34In fact, I spent my childhood without knowing how to use a telephone set. And I never used a telephone till I went to the U.S. to pursue my education in electrical engineering. The reason: I came from a poor background, and those were the days when telephones were locked in wooden boxes and considered an elite possession, so I never got a chance to use one. I left for [the] USA in 1964 with less than $400 in my pocket. I cherished a dream and returned to India in 1984 to realize it as a multi-millionaire with over 50 patents.” The Thursday Interview/Sam Pitroda. 30 January, 2003, 09:01. sify.com/news/internet/fullstory.php?id=12568313.

35 Pitroda viewed telephones as just as critical to India’s modernization efforts as clean water, and his Public Call Offices created a million jobs and began to change the status of the girl child. Ibid.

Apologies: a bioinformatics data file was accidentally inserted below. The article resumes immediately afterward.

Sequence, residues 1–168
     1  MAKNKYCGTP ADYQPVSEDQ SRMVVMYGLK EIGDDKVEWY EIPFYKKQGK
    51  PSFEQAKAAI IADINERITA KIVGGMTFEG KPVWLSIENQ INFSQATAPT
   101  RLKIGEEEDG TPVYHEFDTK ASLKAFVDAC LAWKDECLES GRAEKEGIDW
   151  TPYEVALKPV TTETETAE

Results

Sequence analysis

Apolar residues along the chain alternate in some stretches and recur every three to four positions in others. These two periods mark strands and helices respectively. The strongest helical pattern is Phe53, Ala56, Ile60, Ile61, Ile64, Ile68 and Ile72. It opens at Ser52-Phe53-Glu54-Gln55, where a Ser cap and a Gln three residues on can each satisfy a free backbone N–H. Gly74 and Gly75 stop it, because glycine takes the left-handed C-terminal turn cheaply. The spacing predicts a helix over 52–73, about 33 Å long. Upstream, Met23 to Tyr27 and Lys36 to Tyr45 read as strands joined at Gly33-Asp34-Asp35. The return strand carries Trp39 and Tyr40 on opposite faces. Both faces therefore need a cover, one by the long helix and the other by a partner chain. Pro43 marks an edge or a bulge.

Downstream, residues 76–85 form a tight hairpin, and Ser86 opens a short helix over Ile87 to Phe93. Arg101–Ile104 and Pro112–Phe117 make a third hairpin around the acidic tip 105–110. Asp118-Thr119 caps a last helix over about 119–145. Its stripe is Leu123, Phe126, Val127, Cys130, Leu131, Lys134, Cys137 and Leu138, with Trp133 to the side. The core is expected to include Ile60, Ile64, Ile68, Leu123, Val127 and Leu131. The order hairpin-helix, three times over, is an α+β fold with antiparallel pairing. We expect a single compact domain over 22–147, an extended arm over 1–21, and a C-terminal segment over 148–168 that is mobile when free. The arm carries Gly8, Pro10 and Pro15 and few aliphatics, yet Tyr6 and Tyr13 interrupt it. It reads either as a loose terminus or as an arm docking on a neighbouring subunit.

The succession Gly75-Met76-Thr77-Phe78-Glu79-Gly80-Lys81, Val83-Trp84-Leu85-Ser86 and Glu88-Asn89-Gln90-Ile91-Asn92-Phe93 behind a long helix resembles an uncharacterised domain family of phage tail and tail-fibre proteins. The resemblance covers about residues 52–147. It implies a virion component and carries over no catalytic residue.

36 Bhattacharya M. 2003. Background paper submitted to the Committee on India: Vision 2020. Telecom Sector in India, Vision 2020, p. 11. www.ictregulationtoolkit.org/en/Document.1613.html.

37 Remarks of Minister Kapil Sibal, 28 October 2006, at Hi-Tech Pune (also cited by Joshi R. 2006. Patent Rewards. Business India [December 31], page 30). Where IT Meets BT, Pune, Maharashtra India, www.hitechpunemaharashtra.com. See also “Patent Rewards,” Business India, December 31, 2006, p. 50 (“A new law is being written to ensure that scientists in government-run laboratories will get a share in royalty when their innovation brings commercial dividends.)

38 Ibid. (Business India) (Quoting Montek Singh Ahluwalla, Deputy Chairman of India’s Planning Commission: “We need to restructure our universities to make them incubation centers for research.”)

39 Jyotha Datta PT. 2006. Domestic Producers of Herbal Products Seek Data-Exclusivity, Hindu Business Line, 12 September 2006. www.thehindubusinessline.com/2006/09/13/stories/2006091302850300.htm. See also Finston S. 2006. Data Exclusivity Brooks No Delay. Hindu Business Line, 18 July 2006. www.thehindubusinessline.com/2006/07/18/stories/2006071800221100.htm.